A Christmas Day homily

One of my best friends and his wife are expecting a new baby any day now.  So I’ve been having fun doing a little baby-clothes shopping.  Holding the soft sleepers and tiny blankets brings back memories of days that weren’t that long ago when my own boys were that small. 

Most of the lessons of parenthood are things they truly have to learn on the job.  No matter how much reading or preparing the nursery or talking to other parents one does to try to get ready for a baby, one is never really ready.  A parent can only gain the wisdom they need by experiencing parenthood – being in the trenches, experiencing the sleep-deprivation, the complete disorder of once orderly lives, the complete surrender of schedules and priorities and resources to their teeny-tiny, demanding, unreasonable, yet entirely beloved baby.

Elizabeth Stone said, “Making the decision to have a child is momentous. It is to decide forever to have your heart go walking around outside your body.”

Charles Osgood states, “Babies are always more trouble than you thought — and more wonderful.”

Leo Burke writes, “People who say they sleep like a baby usually don’t have one.”

And Theresa Bloomingdale once said, “If your baby is “beautiful and perfect, never cries or fusses, sleeps on schedule and burps on demand, an angel all the time,” you’re the grandparent.”

Whoever would have thought something as small as a baby could change everything.  Yet it has always been this way.

In fact, that is a good way to think about today – because of course it is one baby’s birth in particular that we gather to celebrate this morning. 

One of the stories about Jesus’ birth that I’ve thought a lot about in recent years is the story of the three wise men placing gifts before the baby Jesus and throwing their own little royal baby shower. Yet if you stop to think about it, the gifts are  strange to bring for a newborn baby.  There’s no soft blue blankets no baby toys, no diaper genie or onesies or an ancient version of any of these things. 

Remember the gifts they brought? They placed at His feet gold, frankincense and myrrh. The Bible doesn’t tell us what Mary and Joseph did with Jesus’ gifts, but since having babies of my own every time I hear the story, I personally have to wonder what Mary really thought of those presents.  Perhaps she understood their symbolic meaning – but I have a feeling that it could just as easily be that in her mind she is thinking, “Come on!  Couldn’t these guys have consulted with their wives or even a sister and maybe come up with something a little more useful?”

However, the story seems to assume that the reader won’t think these gifts are strange at all – and when one pauses to look at what each gift represents, it makes all the difference in this story.  I was recently reminded of what their meanings were – and I thought I’d share a little bit about these meanings with you this morning.

 Gold – it is perhaps easy to guess why this was one of the gifts – because gold has always been a symbol of royalty. This gift signaled the wise men’s understanding of who this child was, and how we should receive Him. Because of this child, we are transformed from lowly paupers to royalty seated with Christ. He had to leave the perfection and grandeur of heaven in order to walk among us, trading His royalty for a time, but never losing His deity.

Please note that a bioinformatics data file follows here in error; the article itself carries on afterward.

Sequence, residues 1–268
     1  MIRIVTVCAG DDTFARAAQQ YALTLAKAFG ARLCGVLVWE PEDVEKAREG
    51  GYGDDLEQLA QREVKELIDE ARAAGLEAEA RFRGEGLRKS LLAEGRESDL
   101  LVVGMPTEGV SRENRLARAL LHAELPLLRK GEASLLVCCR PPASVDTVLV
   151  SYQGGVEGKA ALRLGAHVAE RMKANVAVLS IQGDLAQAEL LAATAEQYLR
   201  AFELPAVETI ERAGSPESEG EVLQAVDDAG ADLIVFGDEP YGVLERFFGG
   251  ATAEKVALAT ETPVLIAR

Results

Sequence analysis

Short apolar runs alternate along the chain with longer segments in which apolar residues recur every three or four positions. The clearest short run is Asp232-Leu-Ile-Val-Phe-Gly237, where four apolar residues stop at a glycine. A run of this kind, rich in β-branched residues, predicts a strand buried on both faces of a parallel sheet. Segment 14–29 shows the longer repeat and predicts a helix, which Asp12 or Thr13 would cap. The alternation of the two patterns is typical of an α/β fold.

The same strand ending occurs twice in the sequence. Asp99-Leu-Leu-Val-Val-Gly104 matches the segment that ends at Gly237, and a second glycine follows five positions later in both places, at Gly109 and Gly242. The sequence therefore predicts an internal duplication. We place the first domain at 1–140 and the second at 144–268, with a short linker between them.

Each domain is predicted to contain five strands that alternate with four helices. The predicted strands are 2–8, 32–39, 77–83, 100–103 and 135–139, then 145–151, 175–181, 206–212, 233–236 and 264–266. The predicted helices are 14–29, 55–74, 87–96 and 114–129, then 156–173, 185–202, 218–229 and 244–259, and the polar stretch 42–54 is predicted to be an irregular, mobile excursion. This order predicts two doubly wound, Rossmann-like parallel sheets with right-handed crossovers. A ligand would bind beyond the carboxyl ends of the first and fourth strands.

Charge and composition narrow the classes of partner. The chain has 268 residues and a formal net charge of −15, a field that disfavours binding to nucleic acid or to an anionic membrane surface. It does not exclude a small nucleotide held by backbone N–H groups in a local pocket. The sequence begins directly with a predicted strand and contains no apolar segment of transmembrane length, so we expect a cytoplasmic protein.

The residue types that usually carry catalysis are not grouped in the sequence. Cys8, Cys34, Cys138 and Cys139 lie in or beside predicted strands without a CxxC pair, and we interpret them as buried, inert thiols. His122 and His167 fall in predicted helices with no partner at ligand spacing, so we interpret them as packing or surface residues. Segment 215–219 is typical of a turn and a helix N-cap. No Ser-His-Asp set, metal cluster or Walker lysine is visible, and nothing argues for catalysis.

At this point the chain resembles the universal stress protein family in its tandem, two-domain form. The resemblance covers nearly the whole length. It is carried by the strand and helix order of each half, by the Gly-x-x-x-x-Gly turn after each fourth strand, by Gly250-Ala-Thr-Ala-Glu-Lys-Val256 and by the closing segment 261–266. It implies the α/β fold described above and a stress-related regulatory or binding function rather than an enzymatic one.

Frankincense.  Incense was a symbol of His purity. Because He was born sinless and lived a perfect life, Jesus was that perfect lamb, without blemish, offered up for our sins. Incense was used as a fragrant offering to God. But the beauty of the scent couldn’t be released without being touched by fire. Jesus’ life became a fragrant offering through the flames of affliction. And in His death, we receive His purity.

Myrrh is the third gift – and this is the gift that no parent would ever want to receive – because it symbolized death.  Myrrh was used for embalming in those times. As these men laid this odd collection of gifts at the feet of this child, a little shiver had to have run down His mother’s spine when that last one was placed before Him. Of course she had known that Jesus was no normal baby.  The angel Gabriel had told her that Jesus would be great, and he would be called the “Son of the Most High, and the Lord God would give him the throne of his ancestor David and he would reign over the house of Jacob forever, and of his kingdom there would be no end.” 

But when she said “Here I am, Lord, let it be with me according to your word” – could she ever have understood the kind of sacrifice this child would make?   This gift of myrrh may have been her first clue about the inestimable amount of ways this baby was not only going to change her life, but change the world – through his life and ultimately through his death.

They were three gifts that together foretold the story of this new, sacred life.

They were three gifts that together foretold his royalty, his priesthood, his death.

They were three gifts that together foretold how every life from then on would be different.  Every life.

 Let us pray:

Living God, how do we sum up in a few words all that this day means to us?  All we can do is gather together here in this quiet place and give you thanks for all that you are to us, all you have done for us, and all you are encouraging us yet to be.  As we think about the wise men who brought their prophetic gifts to set before you, we humbly bring our gifts to you as well.  Help us to use everything we have and everything we are to serve you. 

And so we have spoken and sung of how we warmly welcome your birth.  Now, we invite you to come home to live with us.  Not just today, but every day.  Not just this Christmas season, but every season.  Make us different than we have been.  In Jesus name we pray.  Amen


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